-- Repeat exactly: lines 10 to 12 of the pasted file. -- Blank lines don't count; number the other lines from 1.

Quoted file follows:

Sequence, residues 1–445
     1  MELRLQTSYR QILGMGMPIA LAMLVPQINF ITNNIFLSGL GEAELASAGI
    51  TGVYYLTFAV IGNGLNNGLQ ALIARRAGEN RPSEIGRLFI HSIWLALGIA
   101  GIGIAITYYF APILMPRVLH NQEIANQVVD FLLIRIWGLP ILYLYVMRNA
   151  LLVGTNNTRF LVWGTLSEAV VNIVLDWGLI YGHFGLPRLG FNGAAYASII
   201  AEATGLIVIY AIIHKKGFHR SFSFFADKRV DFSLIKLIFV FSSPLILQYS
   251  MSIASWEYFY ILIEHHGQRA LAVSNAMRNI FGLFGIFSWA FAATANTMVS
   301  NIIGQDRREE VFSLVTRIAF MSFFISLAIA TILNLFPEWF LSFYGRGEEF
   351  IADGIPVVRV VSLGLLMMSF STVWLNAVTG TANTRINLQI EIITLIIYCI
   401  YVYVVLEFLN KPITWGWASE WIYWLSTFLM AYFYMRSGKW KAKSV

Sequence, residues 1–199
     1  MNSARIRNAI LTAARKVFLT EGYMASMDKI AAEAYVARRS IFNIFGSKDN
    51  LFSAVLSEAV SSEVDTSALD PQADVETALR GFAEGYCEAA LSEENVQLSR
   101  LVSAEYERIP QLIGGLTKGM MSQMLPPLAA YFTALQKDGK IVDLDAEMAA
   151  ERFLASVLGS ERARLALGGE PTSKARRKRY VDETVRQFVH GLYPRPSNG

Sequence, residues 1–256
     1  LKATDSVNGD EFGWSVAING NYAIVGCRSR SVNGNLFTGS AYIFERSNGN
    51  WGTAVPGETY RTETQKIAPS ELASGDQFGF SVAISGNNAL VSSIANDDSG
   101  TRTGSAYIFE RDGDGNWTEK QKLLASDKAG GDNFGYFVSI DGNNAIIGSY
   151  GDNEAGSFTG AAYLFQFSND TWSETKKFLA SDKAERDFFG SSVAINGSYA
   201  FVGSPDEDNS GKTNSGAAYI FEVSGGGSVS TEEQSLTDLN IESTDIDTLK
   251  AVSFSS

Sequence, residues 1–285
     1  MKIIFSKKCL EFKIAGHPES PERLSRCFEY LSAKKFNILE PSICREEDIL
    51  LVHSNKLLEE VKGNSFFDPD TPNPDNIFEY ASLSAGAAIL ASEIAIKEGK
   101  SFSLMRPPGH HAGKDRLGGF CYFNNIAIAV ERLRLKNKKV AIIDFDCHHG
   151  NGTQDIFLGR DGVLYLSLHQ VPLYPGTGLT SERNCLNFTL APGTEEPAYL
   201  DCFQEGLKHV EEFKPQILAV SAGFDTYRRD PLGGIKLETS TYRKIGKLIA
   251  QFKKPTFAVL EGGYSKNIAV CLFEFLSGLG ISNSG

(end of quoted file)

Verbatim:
   401  YVYVVLEFLN KPITWGWASE WIYWLSTFLM AYFYMRSGKW KAKSV

Sequence, residues 1–199
     1  MNSARIRNAI LTAARKVFLT EGYMASMDKI AAEAYVARRS IFNIFGSKDN